The receiving equipment was first setup in 1999 on the occasion of a solar eclipse. Results can be viewed >here< . At that time the antenna was located near the main building.
The antenna system consists of a 30cm ferrite rod shielded from the E-field vector by an elaborate copper environment. It has been tuned to 75 KHz by high grade capacitors selected for thermal stability. A two stage amplifier (BF245b in front, approx. 20dB of gain) raised the signal up to levels where local noise sources could have minor influences only. This amplifier has been mounted inside the copper shield. The whole antenna system is located now inside a wooden hutch and fed through 25m of buried coax cable.
The amplified signal is fed to a commercial selective level meter (Präcitronic. MV61) running at 100 Hz of bandwith. A phase locked loop locks the frequency of the main local oscillator to approx. +-10 Hz under all circumstances. The MV61 has a calibrated DC output channel (-0.5 to 2 Volts, logarithmic).
Analog-Digital Conversion and Storage:
The carrier of HBG is switched on and off for 100 or 200ms (binary "0" or "1") each second coding the date/time. Assuming a sampling rate of 1 sec. there's a chance of 10% or 20% hitting one of these transmission gaps. This looks very bad on the recording traces. Therefore I'm running a simple RC-integrator in front of a digital multimeter (METEX, M-3630d). The time constant is approx. 2.6 sec. This time constant is not able to smooth out the transmission gaps fully if hit by the ADC. A simple home made program running on a LINUX-Pentium computer controls the DMM over a serial line. It handles all communication, storage of data, time stamps and the sampling rate of 1 per sec. Data files (approx. 2.3 MB per day) are backed up to a HP NetServer on a daily base.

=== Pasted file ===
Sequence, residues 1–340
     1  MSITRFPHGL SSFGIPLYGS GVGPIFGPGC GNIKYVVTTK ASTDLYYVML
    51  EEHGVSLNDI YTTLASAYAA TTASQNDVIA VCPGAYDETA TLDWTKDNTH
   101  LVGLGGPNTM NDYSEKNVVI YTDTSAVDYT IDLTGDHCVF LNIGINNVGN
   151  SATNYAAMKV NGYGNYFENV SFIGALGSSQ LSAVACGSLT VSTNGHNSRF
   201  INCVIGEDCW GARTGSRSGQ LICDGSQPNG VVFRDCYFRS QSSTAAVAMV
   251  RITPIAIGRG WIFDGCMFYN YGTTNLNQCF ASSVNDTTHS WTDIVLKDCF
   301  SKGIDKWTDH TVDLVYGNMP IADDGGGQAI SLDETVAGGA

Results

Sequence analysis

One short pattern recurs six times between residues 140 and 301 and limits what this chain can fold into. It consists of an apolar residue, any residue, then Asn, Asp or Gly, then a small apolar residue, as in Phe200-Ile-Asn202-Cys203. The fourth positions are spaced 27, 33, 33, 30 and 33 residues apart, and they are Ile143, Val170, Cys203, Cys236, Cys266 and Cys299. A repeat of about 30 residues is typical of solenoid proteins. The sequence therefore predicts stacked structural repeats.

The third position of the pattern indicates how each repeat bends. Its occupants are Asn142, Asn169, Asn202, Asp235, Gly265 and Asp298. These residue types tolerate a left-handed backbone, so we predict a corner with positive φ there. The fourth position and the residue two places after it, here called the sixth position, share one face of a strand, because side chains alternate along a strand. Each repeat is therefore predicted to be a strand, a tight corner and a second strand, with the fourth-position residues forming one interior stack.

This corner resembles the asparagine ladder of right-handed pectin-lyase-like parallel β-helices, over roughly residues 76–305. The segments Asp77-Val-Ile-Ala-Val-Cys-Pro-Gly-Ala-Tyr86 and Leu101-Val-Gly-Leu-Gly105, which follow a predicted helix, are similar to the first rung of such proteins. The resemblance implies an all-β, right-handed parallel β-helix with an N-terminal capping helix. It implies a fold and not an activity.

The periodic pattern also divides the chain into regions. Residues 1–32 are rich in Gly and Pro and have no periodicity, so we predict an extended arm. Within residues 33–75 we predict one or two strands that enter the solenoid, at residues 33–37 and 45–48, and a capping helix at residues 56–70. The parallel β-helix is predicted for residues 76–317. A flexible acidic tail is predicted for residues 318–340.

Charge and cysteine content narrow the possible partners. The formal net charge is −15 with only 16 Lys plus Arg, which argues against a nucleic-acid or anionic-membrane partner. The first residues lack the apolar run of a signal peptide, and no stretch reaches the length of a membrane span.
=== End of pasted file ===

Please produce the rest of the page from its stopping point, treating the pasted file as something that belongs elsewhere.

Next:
Online graphical display is performed by Gnuplot. The traces shown here were made with Xmgrace and The Gimp. You can see more notes and pictures of my amateur radio station setup >here< .
Data Processing and Results
In Fig. 1 around 11:40 UTC an unusual sharp peak can be observed. At that time the Earth was hit by one of the strongest Gammaray-bursts ever detected (GRB030329a). The source has been located by satellites above the back of the star constellation called "Leo". At that time this sky position was approx. 10° below horizon here near Kiel at ground level. But the source of gamma rays was above horizon around 100 km of height where the reflecting E-layer has been located. Therefore the attenuating D-layer was not affected by the GRB. This height of horizon was determined by the equation:
H = (R/cos(a))-R
a: angle below horizon at ground,
R: radius of Earth
The position of the GRB compared to horizon was estimated by Xephem 3.5.2 for UNIX workstations.
Fig.2 shows this sharp peak enlarged in detail.
Checking the real time clock of the computer against the official time an error of +4 sec. was found.
Therefore all data points shown here are corrected by -4 sec.!
(click on picture to enlarge)
Next the light curves of GRB030329a from three satellites
Fig.3a (click on picture to enlarge)
Fig.3b (click on picture to enlarge)
Fig.3c (click on picture to enlarge)
The y-axis scalings are useless of course since the satellites instrument traces are presented on linear scales (counts) and the radio recordings on a logarithmic (dB).
Fig.4 shows the recording of the whole day added by some notes on what can be viewed.
(click on picture to enlarge)
I'm not a physicist and furthermore not an astrophysicist. I'm an experienced radio amateur only. Therefore it is not reasonable here to interpret the results in depth.
Many thanks to: